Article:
Catt was born Carrie Clinton Lane in Ripon. In 1880, she graduated from Iowa Agriculture College, where she was the only woman in her class. Catt worked as a law clerk, a teacher, and eventually a school principal. She married and became co-editor of her husband’s newspaper, The Republican, where she wrote a weekly feature called “Woman’s World,” which discussed the issue of women’s suffrage, or right to vote. Catt began working for the National American Woman Suffrage Association (NAWSA) in 1890, and was soon asked by Susan B. Anthony to speak to Congress about the proposed suffrage amendment. In 1900 she was elected president of NAWSA; she served from 1900 to 1904 and then again from 1915 to 1920. Catt also helped organize the International Woman Suffrage Alliance and traveled to other countries to promote equal voting rights worldwide.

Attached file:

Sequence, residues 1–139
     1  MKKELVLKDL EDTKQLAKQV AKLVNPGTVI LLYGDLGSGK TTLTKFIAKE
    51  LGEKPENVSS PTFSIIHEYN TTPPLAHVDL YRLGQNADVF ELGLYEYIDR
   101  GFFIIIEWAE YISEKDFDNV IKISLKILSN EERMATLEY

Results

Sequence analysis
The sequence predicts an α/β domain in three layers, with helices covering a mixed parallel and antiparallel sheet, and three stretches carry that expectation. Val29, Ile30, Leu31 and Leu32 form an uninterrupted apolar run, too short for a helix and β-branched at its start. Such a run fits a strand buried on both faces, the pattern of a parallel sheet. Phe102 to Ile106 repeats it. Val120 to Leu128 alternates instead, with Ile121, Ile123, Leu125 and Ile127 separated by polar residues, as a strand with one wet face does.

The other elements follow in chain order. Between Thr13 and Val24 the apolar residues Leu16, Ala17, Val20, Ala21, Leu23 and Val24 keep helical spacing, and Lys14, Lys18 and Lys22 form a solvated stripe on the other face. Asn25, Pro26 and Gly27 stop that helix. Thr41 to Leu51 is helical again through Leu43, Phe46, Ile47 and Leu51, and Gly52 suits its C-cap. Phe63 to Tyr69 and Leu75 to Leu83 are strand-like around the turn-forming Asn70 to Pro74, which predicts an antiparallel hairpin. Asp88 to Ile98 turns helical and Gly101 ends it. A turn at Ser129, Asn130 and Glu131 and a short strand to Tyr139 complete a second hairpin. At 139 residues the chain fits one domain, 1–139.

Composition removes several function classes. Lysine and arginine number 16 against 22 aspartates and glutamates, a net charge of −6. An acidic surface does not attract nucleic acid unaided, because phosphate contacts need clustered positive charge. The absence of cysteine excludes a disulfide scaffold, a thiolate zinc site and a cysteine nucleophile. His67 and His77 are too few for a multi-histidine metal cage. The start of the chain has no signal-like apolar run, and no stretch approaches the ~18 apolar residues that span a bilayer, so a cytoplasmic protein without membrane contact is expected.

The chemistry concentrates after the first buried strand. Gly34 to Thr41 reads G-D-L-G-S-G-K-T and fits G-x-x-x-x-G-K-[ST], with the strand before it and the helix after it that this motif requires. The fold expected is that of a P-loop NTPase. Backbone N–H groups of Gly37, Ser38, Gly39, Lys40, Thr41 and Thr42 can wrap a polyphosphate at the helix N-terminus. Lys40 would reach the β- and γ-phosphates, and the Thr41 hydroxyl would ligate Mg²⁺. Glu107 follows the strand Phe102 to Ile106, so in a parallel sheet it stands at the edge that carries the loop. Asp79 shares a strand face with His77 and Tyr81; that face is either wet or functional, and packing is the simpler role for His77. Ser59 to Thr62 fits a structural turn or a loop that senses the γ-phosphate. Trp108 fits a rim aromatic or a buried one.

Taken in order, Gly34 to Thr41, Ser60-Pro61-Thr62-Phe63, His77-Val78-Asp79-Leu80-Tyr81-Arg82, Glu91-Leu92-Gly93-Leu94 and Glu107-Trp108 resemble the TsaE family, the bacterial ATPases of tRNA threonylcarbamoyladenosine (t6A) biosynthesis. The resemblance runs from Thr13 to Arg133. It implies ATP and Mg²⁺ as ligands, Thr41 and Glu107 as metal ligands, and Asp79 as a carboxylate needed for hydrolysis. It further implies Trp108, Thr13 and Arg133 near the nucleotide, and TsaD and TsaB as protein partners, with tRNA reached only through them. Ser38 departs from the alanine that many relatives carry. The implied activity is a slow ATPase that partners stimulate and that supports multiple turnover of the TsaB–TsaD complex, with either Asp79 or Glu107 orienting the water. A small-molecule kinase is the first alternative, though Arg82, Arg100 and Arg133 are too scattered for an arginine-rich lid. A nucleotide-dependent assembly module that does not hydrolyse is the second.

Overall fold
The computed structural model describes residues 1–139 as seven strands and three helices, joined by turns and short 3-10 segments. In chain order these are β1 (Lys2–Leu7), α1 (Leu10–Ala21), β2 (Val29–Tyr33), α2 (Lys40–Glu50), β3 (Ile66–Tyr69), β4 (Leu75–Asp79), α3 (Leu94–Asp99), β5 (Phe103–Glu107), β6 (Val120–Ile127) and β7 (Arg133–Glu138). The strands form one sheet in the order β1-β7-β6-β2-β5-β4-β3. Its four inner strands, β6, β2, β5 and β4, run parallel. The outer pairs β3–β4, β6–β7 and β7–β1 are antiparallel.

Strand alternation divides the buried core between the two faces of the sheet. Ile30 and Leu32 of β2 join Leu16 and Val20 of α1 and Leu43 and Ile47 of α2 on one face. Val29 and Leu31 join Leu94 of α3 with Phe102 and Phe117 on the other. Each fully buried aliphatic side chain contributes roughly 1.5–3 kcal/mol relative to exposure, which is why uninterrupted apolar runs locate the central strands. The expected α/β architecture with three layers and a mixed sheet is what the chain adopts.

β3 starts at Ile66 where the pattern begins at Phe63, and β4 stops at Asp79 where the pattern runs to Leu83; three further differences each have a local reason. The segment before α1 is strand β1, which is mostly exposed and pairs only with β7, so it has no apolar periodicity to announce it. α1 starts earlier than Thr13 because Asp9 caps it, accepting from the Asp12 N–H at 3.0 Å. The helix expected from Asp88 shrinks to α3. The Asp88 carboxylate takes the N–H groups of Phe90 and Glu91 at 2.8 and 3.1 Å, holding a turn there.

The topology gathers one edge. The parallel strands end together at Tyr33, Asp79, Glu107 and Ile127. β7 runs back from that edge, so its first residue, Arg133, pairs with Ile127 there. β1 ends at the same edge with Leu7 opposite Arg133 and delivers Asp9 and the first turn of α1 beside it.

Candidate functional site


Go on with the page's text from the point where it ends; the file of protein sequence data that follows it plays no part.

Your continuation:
Catt’s writing and speaking for NAWSA built her reputation as a leading suffragist. People also thought of her as a brilliant strategist because of the “Winning Plan” she developed to win suffrage for American women. On August 26, 1920, Catt was rewarded for her relentless hard work when the 19th Amendment was officially added to the U.S. Constitution, granting women in the United States the right to vote. After this victory, Catt stepped down as NAWSA’s president and founded the League of Women Voters.
“Carrie Chapman Catt Biography.” Biography.com. http://www.biography.com/people/carrie-chapman-catt-9241831.
Carrie Chapman Catt Girlhood Home. http://www.catt.org/.
“Carrie Chapman Catt.” History.com. http://www.history.com/topics/womens-history/carrie-chapman-catt.
“Carrie Chapman Catt – Image Gallery Essay.” Wisconsin Historical Society. http://wihist.org/18tUIG1.
Photo courtesy of the Wisconsin Historical Society archives, Image ID 1818.